How many hours did I sit in an outhouse before we got indoor plumbing the summer I was eight years old? There was always an outhouse standing behind our home, wherever we lived. People try to find the perfect balance between convenience and smell when they are building or choosing the site for a new one. The one most prominent in my memory was situated about a hundred feet from our back porch in the house on Route 66 in rural Missouri. There was a well-worn footpath from the back steps past the shed on the left, past the dump behind the shed, past the chicken coop on the right to the outhouse.
Ours was a one-holer, with no crescent moon carved in the door. Instead, for light and ventilation there was a two-inch gap between the back wall and the roof overhang, which was screened to keep out insects. There was a latch on the outside fashioned from a small piece of wood, held in place by a nail through the center. On the inside was a hook and eye latch made of metal. If the outside latch wasn’t fastened, you knew there was someone inside and you had to wait your turn. This was rarely a problem at home because our family consisted only of Dad, Mom, me, and my baby sister.
At school, the outhouses were closer to the schoolhouse, with the girls’ closer than the boys’, but the two outhouses were side-by-side. Each was a two-holer. Life was less private and more intimate then. Can you imagine sitting cheek to cheek with a classmate to do your business these days? We also had to indicate whether we were peeing or pooping by holding up one or two fingers to ask to go to the toilet. I expect this was to let the teacher know how long we would be gone. No wonder I was constipated until I was nearly grown. I still prefer to go to the bathroom alone, in my own house.
I’ve read that outhouses were no longer in use in the United States by the 1950s, but I assure you this is not the case. I last used the outhouse at school in 1955. Both the school and its outhouses were still in use when I moved to the small town of Newburg, Missouri where I transferred to an elementary school with more than two rooms, indoor plumbing, a teacher for each grade, and a lunchroom in a separate building.
I never thought I’d feel nostalgia for an outhouse. After all, they’re known for being stinky. They are also hot in the summer and cold in the winter, in spite of being a building, not a bush. Ours was never heated or cooled in any way. As far as being odorous, as a kid I didn’t notice it that much. I knew some smelled more than others, I knew my Dad regularly shoveled a white powder called lime into ours, but I didn’t give it much thought. The smell was familiar to me, and the place was comforting. The wooden latch on the door of our outhouse was worn smooth with rounded corners from years of use. The seat was smooth too, and the odor was never overpowering. On the contrary, I recognized the smells of my family, the way animals do. I felt safe as I sat and thumbed through the catalog, whose pages we used as toilet paper.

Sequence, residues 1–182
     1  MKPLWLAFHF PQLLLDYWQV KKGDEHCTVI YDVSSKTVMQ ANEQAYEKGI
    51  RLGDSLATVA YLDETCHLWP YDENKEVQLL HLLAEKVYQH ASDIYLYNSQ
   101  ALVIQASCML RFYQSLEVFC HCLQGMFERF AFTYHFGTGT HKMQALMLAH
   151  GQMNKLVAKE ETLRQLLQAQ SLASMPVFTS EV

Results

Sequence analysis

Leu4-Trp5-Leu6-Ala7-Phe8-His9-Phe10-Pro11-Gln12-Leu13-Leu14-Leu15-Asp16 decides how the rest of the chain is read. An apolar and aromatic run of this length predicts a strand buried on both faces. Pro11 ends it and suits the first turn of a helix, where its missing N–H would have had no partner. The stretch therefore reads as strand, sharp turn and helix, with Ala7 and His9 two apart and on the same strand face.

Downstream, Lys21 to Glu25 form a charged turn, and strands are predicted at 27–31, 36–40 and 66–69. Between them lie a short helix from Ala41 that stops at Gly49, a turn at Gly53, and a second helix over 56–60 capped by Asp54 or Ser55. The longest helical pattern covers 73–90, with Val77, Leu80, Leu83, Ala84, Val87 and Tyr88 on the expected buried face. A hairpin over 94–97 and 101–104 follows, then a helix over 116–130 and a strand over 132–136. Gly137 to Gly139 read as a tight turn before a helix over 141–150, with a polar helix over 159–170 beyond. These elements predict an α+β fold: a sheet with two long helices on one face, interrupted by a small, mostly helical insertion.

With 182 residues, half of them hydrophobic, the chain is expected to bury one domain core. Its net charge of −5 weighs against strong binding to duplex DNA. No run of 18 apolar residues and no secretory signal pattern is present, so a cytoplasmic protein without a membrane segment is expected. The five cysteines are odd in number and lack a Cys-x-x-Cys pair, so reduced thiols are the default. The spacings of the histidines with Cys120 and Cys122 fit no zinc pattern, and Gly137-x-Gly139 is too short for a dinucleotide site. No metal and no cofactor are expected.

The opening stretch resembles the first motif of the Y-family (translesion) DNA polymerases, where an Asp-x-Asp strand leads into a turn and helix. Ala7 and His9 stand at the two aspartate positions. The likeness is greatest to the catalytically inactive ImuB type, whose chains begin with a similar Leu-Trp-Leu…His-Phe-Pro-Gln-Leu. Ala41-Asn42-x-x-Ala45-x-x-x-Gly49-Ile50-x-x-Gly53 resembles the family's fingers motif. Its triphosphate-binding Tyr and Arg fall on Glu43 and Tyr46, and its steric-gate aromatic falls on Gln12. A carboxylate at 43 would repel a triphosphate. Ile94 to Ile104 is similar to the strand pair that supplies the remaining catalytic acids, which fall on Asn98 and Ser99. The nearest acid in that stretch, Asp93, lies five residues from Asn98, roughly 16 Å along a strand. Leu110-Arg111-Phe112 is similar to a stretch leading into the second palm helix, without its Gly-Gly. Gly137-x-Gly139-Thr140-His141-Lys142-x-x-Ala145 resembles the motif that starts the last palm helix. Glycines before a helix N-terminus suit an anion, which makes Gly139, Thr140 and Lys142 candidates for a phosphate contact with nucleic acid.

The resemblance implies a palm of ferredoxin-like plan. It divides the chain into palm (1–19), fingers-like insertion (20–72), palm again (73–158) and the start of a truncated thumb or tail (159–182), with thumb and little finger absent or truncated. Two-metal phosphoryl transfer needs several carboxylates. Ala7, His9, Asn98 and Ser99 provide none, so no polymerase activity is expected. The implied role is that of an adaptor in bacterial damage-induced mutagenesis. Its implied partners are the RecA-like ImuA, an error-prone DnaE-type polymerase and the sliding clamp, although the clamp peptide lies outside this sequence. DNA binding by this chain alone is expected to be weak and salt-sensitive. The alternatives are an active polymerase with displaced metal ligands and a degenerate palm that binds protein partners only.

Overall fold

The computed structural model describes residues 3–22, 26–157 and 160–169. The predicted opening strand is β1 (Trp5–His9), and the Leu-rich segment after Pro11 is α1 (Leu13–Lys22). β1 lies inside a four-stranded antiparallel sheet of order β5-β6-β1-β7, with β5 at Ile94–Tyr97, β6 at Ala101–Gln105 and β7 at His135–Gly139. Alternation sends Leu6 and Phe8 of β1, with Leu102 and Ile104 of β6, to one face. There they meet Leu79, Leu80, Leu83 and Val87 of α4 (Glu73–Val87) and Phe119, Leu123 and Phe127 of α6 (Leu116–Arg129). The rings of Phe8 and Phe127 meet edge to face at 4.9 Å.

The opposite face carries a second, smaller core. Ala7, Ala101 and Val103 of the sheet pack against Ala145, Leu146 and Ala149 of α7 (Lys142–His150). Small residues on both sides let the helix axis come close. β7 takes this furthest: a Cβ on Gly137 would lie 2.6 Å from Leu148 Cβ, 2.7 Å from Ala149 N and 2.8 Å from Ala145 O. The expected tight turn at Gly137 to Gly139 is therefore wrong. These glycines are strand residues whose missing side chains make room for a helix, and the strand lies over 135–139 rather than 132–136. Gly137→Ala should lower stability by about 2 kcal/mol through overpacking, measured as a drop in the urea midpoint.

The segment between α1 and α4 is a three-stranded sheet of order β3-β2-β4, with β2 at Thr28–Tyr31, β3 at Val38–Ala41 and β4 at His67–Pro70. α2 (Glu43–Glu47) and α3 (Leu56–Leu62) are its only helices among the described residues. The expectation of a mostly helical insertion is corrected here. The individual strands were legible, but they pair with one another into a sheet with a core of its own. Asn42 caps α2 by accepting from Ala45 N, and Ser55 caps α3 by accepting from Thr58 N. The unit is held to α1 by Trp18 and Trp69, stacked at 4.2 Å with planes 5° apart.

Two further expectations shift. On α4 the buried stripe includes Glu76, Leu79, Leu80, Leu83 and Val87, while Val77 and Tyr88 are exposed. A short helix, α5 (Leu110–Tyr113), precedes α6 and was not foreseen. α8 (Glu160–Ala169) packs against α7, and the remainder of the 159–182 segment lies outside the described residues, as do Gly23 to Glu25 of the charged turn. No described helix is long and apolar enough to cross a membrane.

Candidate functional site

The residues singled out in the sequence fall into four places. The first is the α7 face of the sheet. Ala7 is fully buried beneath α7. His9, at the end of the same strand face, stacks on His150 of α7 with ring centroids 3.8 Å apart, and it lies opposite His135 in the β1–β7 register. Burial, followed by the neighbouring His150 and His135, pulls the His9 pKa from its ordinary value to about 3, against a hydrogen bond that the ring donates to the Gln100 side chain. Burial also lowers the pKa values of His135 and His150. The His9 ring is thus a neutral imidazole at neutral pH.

When I was growing up, some of the boys at school had a favorite insult. While the girls might call me “stuck up” or “teacher’s pet,” the boys would say, “you think your shit don’t stink.” Truthfully, I didn’t think the smell of my shit was terrible. I thought dog poop stunk. I didn’t think cow manure smelled bad. Horse manure smelled sweet. Pig manure was the worst. Later in life, I learned that when pigs are allowed to run free their excrement is no worse than horses, deer, or rabbits. On the other hand, raccoons build latrines, which can become extremely odorous. The smell of rat pee is not something I’d ever call comforting. But my own bowel movements, when I had them, comforted me.
We all know the power of scent to kindle memories. I gave my first husband what I thought was the best compliment when I told him he smelled like my grandma. He didn’t see it that way. But the combined odors of sweat earned from hard work and cigarettes evoked my deep and abiding love for my grandmother. I didn’t love my husband, so it was indeed a rare moment for me to compliment him. I adored my grandma, and it was she who gave me the money to divorce him later.
Today if I catch a whiff of anything remotely resembling our family outhouse on a warm day, I am transported to the happiest time of my life — the years before we had indoor plumbing. My first stepfather put in running water, built a bathroom, even built the septic tank himself. The year after my father died.
Sandra de Helen writes short stories, creative non-fiction, poetry, plays, and novels. She has a weekly column in ROAR: Literature and Revolution for Feminist People.